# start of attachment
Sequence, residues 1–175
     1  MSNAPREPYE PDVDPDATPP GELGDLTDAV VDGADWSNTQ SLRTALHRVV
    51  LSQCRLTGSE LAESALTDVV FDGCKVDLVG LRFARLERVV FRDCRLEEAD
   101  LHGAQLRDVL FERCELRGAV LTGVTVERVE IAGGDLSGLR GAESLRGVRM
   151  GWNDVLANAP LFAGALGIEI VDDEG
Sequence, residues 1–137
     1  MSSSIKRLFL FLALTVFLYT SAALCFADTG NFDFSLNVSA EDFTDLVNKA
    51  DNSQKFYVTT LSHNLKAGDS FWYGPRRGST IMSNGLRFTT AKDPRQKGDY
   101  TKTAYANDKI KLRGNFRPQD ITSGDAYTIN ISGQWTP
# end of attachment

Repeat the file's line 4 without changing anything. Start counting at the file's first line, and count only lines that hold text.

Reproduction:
   101  LHGAQLRDVL FERCELRGAV LTGVTVERVE IAGGDLSGLR GAESLRGVRM